We had our Company meeting a couple of nights ago and on the agenda were our results for the year ending August 2022 ... not brilliant it has to be said, and amongst a few others things, I finished the meeting telling everyone a story of my childhood and my relationship with education and specifically the three schools I went to.
It went like this...
Up until the age of four and a half I lead a charmed life. At that stage I was an only child, so had the undivided attention of both my parents. We lived in Cobham, a green and pleasant land, we had a large garden half of it wooded, the sort of wood that a 4 year old could happily get lost in, and I used to flood quite large areas of it with, use the hose pipe and dams, which when broken produced very interesting results. And I could ride my trike in and around the garden and on the road outside...very little traffic. It was heaven for me.
Imagine my surprise and horror, when at this age my parents decided that I had to go a place called school. It was full of small people like me, except they didn’t seem to like the things I liked, and didn’t seem to like me either, and I think the feelings were mutual. Certainly, I treated them with caution and a healthy degree of mistrust, and generally kept myself to myself.
I spent the following 11 years in three of these institutions. As time went on, I ended up in my last school, Emanuel up in Battersea, to get there I needed to take the train (at least that was one saving grace to this misery) but I will never forget the sinking feeling in my stomach every morning as we approached Clapham Junction, where I needed to get off. It was a knot in my stomach that just got tighter and tighter.
There was a bullying culture in the school, which in those days was not really taken seriously, and at break times the quad was a dangerous place to be if you weren’t in with the right clique. I did manage, however, to join the railway society, which met in one of the cellars of the school and here I spent my lunch times safely absorbed in my hobby and safe from the gangs on the playground.
I left Emanuel at 16, having failed all my 0 levels, and breathed a huge sigh of relief. I can’t tell you how good it was to not have to get on the train back there. It had been a very uncomfortable and unsafe experience and in reality, if I did learn anything, I've long since forgotten it and certainly it taught me nothing about the real world outside. Intellectually, my schooling was a complete waste of 11 years.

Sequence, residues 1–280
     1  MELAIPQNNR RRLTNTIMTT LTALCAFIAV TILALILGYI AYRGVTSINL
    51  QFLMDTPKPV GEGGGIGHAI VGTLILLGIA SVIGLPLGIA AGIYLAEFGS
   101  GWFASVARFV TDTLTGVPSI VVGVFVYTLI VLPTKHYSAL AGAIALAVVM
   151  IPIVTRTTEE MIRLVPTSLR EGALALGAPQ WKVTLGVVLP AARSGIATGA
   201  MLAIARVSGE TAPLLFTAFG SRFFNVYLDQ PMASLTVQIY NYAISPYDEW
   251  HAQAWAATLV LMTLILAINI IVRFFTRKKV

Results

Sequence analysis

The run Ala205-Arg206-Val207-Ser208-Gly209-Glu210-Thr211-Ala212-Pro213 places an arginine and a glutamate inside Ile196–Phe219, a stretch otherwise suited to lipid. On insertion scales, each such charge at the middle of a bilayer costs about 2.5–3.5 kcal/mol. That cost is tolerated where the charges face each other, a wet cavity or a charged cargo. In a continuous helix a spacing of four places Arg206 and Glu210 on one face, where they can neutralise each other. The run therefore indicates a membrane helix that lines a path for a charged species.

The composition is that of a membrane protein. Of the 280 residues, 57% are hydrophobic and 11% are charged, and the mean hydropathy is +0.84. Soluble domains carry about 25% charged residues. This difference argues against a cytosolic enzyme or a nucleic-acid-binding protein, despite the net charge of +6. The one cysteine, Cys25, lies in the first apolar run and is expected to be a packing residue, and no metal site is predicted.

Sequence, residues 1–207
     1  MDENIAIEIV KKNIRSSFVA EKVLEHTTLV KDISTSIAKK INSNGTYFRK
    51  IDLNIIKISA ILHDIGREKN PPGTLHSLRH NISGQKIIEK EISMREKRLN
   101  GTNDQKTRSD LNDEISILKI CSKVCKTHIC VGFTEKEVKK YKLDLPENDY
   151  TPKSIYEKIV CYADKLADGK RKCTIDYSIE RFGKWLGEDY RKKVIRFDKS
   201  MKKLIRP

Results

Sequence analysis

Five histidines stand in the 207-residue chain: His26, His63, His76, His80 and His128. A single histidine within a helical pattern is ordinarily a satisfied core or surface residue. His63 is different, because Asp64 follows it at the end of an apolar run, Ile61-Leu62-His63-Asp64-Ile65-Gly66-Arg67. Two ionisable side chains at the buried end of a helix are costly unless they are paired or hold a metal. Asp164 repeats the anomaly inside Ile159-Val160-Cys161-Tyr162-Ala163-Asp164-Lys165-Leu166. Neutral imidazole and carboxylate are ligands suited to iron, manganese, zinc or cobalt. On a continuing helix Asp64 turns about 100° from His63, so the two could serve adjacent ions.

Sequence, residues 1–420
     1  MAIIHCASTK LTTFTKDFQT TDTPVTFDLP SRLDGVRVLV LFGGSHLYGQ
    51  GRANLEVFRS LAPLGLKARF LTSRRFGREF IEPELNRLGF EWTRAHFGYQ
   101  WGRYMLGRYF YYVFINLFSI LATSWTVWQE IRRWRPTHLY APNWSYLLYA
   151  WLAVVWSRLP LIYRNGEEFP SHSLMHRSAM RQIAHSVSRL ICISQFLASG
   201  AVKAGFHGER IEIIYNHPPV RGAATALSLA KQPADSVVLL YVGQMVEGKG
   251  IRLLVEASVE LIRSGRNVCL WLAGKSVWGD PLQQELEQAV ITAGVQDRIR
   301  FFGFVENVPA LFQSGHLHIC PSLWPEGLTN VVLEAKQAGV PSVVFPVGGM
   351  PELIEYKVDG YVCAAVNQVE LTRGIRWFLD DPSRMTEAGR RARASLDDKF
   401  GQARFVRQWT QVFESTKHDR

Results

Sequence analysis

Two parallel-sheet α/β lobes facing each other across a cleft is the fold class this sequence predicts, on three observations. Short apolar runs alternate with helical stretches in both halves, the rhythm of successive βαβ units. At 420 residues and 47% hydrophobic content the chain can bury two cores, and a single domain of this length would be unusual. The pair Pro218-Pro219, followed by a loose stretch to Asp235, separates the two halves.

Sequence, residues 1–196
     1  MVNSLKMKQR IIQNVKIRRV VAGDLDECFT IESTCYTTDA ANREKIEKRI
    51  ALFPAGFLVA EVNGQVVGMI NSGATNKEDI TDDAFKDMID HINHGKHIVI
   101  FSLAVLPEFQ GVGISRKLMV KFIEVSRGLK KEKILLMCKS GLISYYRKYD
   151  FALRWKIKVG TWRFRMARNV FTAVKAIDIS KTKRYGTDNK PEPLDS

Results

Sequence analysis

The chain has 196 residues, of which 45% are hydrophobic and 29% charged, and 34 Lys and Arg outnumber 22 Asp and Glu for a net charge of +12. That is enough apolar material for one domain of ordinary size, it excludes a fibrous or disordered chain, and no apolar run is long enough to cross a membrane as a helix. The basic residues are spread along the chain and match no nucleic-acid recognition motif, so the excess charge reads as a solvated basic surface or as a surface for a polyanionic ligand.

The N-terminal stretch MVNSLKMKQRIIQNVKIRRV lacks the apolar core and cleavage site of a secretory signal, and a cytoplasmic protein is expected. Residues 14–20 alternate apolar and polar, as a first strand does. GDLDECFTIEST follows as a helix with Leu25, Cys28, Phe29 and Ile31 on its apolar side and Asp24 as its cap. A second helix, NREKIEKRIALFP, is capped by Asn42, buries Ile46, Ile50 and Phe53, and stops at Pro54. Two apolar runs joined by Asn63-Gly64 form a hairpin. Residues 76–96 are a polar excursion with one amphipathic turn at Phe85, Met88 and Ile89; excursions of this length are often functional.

So, as I wrote down this story, I became even more convinced as to why I have some of the deep-seated beliefs that I have. And when about ten years ago, I came across a chap called Simon Sinek, reading his stuff, and listening to him, I began to put two and two together and despite my education got four (I didn’t learn that at school either!). I'll return to him in a moment.
So, unlike my experience at school, I want everyone who works here (at Art of Living) to feel safe, I want you to feel stimulated, I want you to feel appreciated, I want you to feel that you are contributing something that is bigger than the sum of its parts. I want you to feel you’re contributing to a worthy cause…
Is the word "cause" bordering on pretentious? Well actually I don’t think so. We are not selling cookware to get rich, are we? We’d make a lot more selling clothes, or even more selling sex, so no I don’t think we are in this business just for money…there’s a higher cause to it.
We're selling cookware, because we are all cooks and chefs that love making food for ourselves and for others. We love helping people choose the right pots and pans for their needs and their budget. And I think that’s a pretty good cause to have, a cause to get us out of bed in the morning, in fact.
So, why am I telling this story?
Well two thoughts come to mind:
1. The environment we work in has to be a really good and safe one This is vitally important for you to be able to do your job well, feeling relaxed and appreciated. i.e., nothing like my school experience!
2. And this evening, the other thing I want to talk about are how we approach mistakes.
But first I want to show you a short film. It’s a TED talk given by a chap called Ken Robinson, who was an educationalist. And who has recently become one of my heroes. At 5 mins 47 seconds into the talk, where I'm going to stop it, he makes a very interesting point….! (This relates to my second point about mistakes)
The talk is below, and I would love it if you’d watch at least the first 5 or 6 minutes and if you feel so moved, please do post any thoughts you may have for, against or allied, on the blog version of this email here.
After this we had a discussion on it and then watched the second video, a talk by Simon Sinek which covered my first point, about the environment in which people can flourish.
This Video is here and is just a short clip of a much longer interview he gave with Tom Bilyeu:
This was also discussed, albeit briefly, as we were all getting hungry by that stage. It was a good meeting and a thought provoking one. It concluded with homemade (by Jeanne, assisted by Josie and added to by Em) quiches and salads and two of Jeanne’s specialities, Brownies and Pear and Fragipan Tart….yup we know how live.
Please do let me know if any of this resonates with you and your experiences of home, school or work.
My chums at Le Creuset have been busy again and they’ve come up with a great offer, of three glass lidded, Cast Iron Casseroles, but unfortunately I’ve run out of time to talk about them, so I’m going to appeal to the mercenary in you, and point out that they are only £109 and for this weekend you may have another £10 off bringing down to £99. Use code RISOTTO10 online, or tell us who you are in the shops.
Available in three standard Le Creuset colours of Volcanic, Cerise and Meringue. I think they are a bit of a bargain.
I hope you have a pleasant and peaceful weekend.